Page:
This post was originally published on Dave Fleet’s blog.
One of the most fundamental questions in running a social media program at scale is, “how do I organize it?”
There’s some good material out there on this. Jeremiah Owyang, in particular, wrote about this some time back from a functional perspective; this provides a good starting point but didn’t consider the geographic and cultural challenges of a global organization. More recently, he released a more focused look at the tensions facing companies who are looking at scaling their social media.
Owyang also identified six tensions that match nicely with some of the pros and cons I’ve identified below:
- Corporate vs Business Unit
- Global vs Local
- Consistent messaging vs Varied content
- Specialized software vs Large suites
- Individual disruptors vs Established program managers
- Enterprise Deployment vs Organic social growth
I was recently asked about whether I had a preferred model for resourcing social media teams. Here, minus a few confidential specifics, is my answer:
A country-by-country model offers significant flexibility and local customization. Freed from the restrictions of a coordinated program, local markets can respond nimbly to local market conditions.
However, a completely decentralized approach can lead to coordination challenges in terms of things like messaging, global marketing campaigns and announcements, but also from a coordination perspective (for example, how do you hand-off community management assignments between teams if they are on different platforms).
In my view, this is a fairly immature approach to operationalizing a global program, and tends to spring from an organic growth of social within an organization (analogous to Owyang’s ‘organic’ model of social).
This model eschews local market teams in favour of one centrally-led team.
Pros here include control over global marketing campaigns, coordinated messaging, and efficiency in operation. You don’t have people ‘going rogue’ on announcement, and executing marketing campaigns is easy.
However, it is very easy for a central team to become insular and to forget or misunderstand local market concerns. The danger of this shouldn’t be underestimated – if your global footprint extends beyond markets with a similar culture to yours, then that local market context is key. This is especially true in technical fields with a lot of local market regulation.
Centralized teams can also lead to tension with different markets. Remember that point about teams not “going rogue?” If you don’t consider localized needs, they may do just that.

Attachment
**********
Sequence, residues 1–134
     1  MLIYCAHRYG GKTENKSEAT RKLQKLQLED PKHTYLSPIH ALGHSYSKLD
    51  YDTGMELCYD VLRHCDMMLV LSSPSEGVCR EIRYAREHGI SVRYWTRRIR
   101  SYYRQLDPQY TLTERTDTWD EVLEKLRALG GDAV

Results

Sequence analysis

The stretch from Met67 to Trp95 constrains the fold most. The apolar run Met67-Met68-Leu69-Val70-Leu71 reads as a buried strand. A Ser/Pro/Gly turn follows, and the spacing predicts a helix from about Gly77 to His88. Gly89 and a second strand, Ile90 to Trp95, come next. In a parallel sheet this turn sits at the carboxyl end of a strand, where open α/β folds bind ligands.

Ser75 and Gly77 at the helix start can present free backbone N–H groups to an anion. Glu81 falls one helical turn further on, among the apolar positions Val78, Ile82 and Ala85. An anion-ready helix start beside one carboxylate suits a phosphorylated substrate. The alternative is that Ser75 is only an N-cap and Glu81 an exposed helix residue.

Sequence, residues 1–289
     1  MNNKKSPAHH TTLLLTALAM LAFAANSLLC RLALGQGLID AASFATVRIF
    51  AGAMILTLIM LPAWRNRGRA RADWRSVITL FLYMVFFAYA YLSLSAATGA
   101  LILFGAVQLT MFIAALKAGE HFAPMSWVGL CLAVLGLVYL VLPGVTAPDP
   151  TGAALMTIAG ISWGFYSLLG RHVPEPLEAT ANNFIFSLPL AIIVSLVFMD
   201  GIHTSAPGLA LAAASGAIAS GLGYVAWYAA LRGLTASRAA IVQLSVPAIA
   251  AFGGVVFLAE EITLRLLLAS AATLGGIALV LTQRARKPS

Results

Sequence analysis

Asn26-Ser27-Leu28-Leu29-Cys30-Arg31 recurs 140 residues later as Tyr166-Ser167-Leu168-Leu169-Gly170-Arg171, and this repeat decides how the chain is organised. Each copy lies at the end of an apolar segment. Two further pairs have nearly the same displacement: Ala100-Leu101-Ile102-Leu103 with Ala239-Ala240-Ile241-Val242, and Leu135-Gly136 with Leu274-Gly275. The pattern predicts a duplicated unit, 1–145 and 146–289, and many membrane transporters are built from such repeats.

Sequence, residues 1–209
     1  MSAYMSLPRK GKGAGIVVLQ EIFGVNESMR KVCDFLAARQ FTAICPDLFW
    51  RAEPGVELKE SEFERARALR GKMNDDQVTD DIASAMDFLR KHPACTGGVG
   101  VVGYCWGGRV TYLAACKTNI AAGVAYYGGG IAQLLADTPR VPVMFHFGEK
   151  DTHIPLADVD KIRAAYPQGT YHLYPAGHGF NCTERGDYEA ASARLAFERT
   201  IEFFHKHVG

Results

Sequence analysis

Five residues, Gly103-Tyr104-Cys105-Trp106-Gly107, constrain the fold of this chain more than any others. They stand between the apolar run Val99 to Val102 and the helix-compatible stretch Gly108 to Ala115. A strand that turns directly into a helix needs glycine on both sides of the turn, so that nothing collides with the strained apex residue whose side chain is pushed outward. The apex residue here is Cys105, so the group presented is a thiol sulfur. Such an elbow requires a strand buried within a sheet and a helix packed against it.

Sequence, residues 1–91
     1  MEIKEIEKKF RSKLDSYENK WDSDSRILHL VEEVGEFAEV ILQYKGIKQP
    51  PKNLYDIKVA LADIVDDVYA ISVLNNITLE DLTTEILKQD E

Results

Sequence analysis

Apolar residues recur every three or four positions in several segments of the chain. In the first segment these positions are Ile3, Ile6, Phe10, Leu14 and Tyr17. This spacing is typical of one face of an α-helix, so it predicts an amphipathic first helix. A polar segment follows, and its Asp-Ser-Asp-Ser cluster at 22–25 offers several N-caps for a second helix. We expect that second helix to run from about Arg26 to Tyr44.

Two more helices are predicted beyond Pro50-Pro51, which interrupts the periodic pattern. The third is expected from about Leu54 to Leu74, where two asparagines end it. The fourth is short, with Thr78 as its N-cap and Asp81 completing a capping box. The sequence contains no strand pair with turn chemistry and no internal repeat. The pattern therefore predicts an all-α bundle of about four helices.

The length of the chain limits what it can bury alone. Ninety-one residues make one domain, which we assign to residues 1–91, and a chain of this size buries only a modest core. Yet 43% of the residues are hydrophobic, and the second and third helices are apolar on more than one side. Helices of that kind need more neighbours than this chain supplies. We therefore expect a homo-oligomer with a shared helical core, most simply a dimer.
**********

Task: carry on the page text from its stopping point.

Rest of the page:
This approach involves coordination of global activities by a strong core team, but local implementation by geographically-focused teams.
The ‘hub and spoke’ model allows localization of programs and content, but permits global activations when needed. It also allows the development of common frameworks such as toolsets, measurement frameworks, common content calendar approaches (while allowing local content to vary), aligned approaches to issues management etc., which can be driven through the common structure and process. These can improve programs, reduce risk, and drive efficiencies through a large social organization.
At the same time, it can be challenging to coordinate across a large number of markets from a single team – the central overhead involved is high, and involves a significant head count, but to an extent that’s the reality of running a global-scale always-on program.
This is the most complex structure, with a global lead, regional leads and local market teams. It is also probably the most difficult model to pull off due to the multiple levels of coordination.
Pros of this include lower overhead at a central level (as some coordination is handled by regions), localization at a market level yet still retaining the ability to activate globally. It also offers the same benefits when it comes to globally aligning tools, processes etc. as the core/local hybrid model. Bringing regional leads together as a core global leadership team is essential to ensure that regional interests are heard by the global lead, and to avoid ‘broken telephone’ games.
On the flip side, this model requires the additional investment of regional staffing, and adds an additional level of oversight and review which could be a pro or a con depending on culture and the legal environment.
Clarity and executive sponsorship of this model is critical for it to be effective. For example, there is a risk of local markets ignoring global direction if strong executive sponsorship is not present.
The decision between these various models isn’t a black or white one. It comes down to a combination of resources, including budget, culture, the nature of the business and the scale of the social media operation. This is by no means an exhaustive list, but hopefully it’s a useful starting point.
How have you organized your global social media operations?